By KEVIN NEVERS
Candidate: Emerson DeLaney.
Incumbent: 5th District seat, Chesterton Town Council.
Term: Four years.
Family: Wife, four children.
Occupation: Store manager, Hopkins Ace Hardware.
Emerson DeLaney is no stranger to public service. While still living in
Hammond, he was appointed by the governor to sit on the Little Calumet River
Basin Development Commission, on which he served three years as president.
That seat he resigned, after moving to Chesterton, to serve a term on the
Board of Zoning Appeals. Then, in 2007, he was elected to the 5th District
seat on the Town Council. Now DeLaney is seeking re-election.
“This current Town Council has done a lot of good things for our community,”
DeLaney says. “We meld well together. And with moneys we are entrusted with,
we have been able to accomplish a lot, with parks, infrastructure, the
future growth of our community. I want to continue to see that through.”
Among the council’s achievements this term, DeLaney counts these: the
friendly annexation of around 140 acres on both sides of Ind. 49 south of
the Indiana Toll Road; the creation of a new tax increment financing
district to fund the installation of utilities along the Ind. 49 corridor;
and the appointment of Fire Chief Mike Orlich, Police Chief Dave Cincoski,
Building Commissioner Dave Novak, and Town Manager Bernie Doyle. “These are
all things that are going to help us grow in the future and prosper.”
And then too there are the “beautification projects,” DeLaney adds. “The
South Calumet District, that’s a wonderful project. A lot of sidewalks. The
street signs. Those are CEDIT moneys. You put nice wrappers on things,
people like that.”
DeLaney includes among his own achievements organizing the Chesterton Cruise
Night in the Downtown, formerly in conjunction with the Duneland Business
Initiative Group, this year with the Parks and Recreation Department;
running “interference” for Kay and Joe Gersna, who only just purchased the
fire damaged house at 616 S. Second St. with the idea of rehabbing it,
making demolition unnecessary; and being involved in the appointment of both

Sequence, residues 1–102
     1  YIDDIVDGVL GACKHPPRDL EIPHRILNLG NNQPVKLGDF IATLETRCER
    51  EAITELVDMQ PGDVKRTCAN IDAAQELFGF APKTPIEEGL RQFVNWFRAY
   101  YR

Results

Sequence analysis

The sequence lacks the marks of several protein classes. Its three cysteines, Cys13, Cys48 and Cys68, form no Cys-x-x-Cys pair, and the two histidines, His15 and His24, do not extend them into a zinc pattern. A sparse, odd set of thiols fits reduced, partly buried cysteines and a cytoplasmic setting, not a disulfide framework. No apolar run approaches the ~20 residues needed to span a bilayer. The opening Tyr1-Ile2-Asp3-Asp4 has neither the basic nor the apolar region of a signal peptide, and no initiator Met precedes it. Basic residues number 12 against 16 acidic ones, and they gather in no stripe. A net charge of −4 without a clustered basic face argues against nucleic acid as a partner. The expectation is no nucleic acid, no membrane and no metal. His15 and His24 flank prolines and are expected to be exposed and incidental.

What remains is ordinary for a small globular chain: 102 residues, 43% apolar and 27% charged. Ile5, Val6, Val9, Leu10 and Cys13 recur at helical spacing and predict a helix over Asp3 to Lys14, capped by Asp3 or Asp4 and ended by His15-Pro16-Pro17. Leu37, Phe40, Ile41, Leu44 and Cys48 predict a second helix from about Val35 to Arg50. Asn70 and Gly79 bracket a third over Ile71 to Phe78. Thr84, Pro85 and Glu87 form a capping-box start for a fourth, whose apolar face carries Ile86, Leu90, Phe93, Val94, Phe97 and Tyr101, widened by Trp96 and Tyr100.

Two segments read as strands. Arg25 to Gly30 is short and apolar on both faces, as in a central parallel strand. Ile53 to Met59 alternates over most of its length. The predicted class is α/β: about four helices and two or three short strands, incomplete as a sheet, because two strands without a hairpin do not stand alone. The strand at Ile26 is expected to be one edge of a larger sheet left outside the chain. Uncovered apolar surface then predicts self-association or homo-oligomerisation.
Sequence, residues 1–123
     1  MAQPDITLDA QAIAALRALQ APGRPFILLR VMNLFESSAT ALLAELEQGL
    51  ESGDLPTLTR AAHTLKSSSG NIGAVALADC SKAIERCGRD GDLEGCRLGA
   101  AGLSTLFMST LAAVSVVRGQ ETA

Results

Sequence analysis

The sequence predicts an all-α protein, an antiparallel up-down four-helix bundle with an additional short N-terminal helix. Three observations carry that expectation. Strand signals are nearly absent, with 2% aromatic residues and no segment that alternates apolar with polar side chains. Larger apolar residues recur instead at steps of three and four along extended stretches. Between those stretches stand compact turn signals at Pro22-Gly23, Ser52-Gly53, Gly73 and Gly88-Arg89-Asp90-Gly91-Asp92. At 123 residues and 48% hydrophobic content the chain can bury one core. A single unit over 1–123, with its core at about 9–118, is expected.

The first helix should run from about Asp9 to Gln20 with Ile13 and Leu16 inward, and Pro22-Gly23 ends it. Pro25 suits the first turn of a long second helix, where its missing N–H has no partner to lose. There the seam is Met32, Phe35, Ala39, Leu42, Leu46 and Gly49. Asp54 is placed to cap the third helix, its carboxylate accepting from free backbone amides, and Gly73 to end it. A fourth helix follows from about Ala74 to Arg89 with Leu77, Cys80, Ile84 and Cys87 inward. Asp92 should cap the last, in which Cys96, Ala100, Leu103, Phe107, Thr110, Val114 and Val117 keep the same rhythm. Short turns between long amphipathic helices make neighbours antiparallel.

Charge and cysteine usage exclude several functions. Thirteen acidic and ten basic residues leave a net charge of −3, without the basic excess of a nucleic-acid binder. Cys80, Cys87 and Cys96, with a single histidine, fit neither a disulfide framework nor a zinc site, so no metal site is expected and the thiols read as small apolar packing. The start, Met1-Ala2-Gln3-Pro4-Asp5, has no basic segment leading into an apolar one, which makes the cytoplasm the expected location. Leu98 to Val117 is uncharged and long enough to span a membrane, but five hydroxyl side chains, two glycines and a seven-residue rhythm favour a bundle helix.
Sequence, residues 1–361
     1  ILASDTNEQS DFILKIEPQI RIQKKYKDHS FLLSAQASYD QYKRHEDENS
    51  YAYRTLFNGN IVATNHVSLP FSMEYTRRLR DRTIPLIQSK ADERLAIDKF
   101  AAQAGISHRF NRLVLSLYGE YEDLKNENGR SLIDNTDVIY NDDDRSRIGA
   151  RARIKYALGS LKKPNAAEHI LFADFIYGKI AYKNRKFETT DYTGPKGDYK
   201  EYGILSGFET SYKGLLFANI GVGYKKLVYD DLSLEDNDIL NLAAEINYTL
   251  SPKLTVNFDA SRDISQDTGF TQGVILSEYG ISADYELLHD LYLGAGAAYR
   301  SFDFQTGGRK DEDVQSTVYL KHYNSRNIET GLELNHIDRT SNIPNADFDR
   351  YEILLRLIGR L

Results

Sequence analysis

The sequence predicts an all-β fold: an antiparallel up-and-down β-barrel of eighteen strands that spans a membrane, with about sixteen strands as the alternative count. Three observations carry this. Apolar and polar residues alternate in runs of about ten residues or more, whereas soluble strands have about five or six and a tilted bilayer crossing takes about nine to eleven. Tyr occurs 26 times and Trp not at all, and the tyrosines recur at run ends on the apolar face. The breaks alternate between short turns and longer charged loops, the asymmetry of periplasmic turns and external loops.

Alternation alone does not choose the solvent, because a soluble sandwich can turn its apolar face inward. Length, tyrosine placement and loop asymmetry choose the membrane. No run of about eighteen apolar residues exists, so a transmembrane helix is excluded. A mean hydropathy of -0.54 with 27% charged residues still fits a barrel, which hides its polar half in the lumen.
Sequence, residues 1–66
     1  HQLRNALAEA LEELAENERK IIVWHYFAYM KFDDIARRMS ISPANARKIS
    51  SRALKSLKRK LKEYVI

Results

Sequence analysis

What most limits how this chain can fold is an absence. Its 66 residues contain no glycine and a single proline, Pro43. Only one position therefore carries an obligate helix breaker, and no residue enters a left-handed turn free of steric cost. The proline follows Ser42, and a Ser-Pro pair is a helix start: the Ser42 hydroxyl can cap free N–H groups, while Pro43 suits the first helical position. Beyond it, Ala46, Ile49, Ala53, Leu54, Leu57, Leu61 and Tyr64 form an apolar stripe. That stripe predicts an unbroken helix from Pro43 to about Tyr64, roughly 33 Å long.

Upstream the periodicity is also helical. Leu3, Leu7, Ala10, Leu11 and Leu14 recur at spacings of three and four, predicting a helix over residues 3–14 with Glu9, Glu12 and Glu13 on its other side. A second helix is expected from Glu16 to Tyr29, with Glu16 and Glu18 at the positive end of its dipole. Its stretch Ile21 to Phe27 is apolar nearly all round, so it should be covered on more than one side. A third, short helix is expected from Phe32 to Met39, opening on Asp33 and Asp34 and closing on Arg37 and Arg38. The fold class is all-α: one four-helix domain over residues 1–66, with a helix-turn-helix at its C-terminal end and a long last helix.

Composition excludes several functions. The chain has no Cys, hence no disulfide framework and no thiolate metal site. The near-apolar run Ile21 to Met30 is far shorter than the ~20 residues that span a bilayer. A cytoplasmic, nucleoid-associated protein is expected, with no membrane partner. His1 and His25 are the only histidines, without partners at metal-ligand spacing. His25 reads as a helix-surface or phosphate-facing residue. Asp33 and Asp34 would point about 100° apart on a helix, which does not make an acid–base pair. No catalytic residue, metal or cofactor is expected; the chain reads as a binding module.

Orlich and Cincoski.
“There’s a lot of things I have done but I’m not one to toot my horn,”
DeLaney says. “A lot of business people in town have come to me and
residents too, asking for help in different things. Because I’m very
tangible, I’m very tangible in the town. I feel that I have done a good job
for the residents of our community and I want to continue to do that.”
Of the candidacy of his opponent in the primary, fellow Republican Tristan
Ziska, DeLaney says this: “I welcome it. This is America. You can do what
you want to do. There’s always somebody with a better idea. I welcome it.”
Economic development has been a priority of the current Town Council,
DeLaney says. It will be the next one’s priority as well: “to maintain
and/or enhance town services and infrastructure,” as he puts it. “When you
put all those elements in place, you’re going to continue to have population
growth in our bedroom community. But we’re also going to have retail,
professional, and light manufacturing.”
And all signs, DeLaney says, are pointing in the right direction. For one
thing, the few light manufacturing sites in town “are being looked at. In
these economic times, for people to be looking is a great, great thing.”
“There’s also a lot of interest in our Downtown area,” DeLaney says.
“But the big thing is medical and I think people are finally getting the
message,” he observes. Saint Anthony Memorial Health Center has begun
construction of the 24-hour ER department on Indian Boundary Road; the Town
Council granted a 10-year tax abatement to Long Term Care Investments to
build a nursing home on Dickinson Road; and there is the medical campus,
anchored by the Lakeshore Bone & Joint Institute, at Coffee Creek Center.
To those concerned about the possibility of a big box’s being developed in
town, DeLaney would say this: if a Wal-Mart or similar corporation “wanted
to come in and plop down on the Rossman property (south of the Toll Road),
and if they jumped through every hoop, crossed every t, and dotted
every i, we couldn’t stop them. It’s in the (planned unit development
ordinance). But the PUD’s pretty tight, pretty restrictive.”
But given that Chesterton is located so close to Michigan City, Portage, and
Valparaiso—with big box shopping near at hand—“for one of them to want to
come here, it’s going to take a lot.”
“I’m 56, my father was a school teacher, there were seven kids, so I know
what frugal is all about,” DeLaney concludes. “The American Dream back then
was to live and work within your own community. I have achieved that. I look
at it this way. I’ve got the Great American Dream. I live and work within
the community. I also work for the community. You talk about personal
achievements. It’s helping the residents within our community achieve what
they want, that’s what a councilman does, is supposed to do.”